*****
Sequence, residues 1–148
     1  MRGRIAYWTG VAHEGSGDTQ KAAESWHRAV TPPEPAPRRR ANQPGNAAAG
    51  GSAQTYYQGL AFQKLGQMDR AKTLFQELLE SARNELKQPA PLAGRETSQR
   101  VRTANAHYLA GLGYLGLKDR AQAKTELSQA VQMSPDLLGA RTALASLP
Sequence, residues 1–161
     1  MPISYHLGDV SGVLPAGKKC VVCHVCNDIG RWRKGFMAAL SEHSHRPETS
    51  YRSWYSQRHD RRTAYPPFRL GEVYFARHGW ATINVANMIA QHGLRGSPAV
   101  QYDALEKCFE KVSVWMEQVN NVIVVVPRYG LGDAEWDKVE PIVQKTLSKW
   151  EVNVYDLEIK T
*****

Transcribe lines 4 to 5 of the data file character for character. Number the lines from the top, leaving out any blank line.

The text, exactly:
   101  VRTANAHYLA GLGYLGLKDR AQAKTELSQA VQMSPDLLGA RTALASLP
Sequence, residues 1–161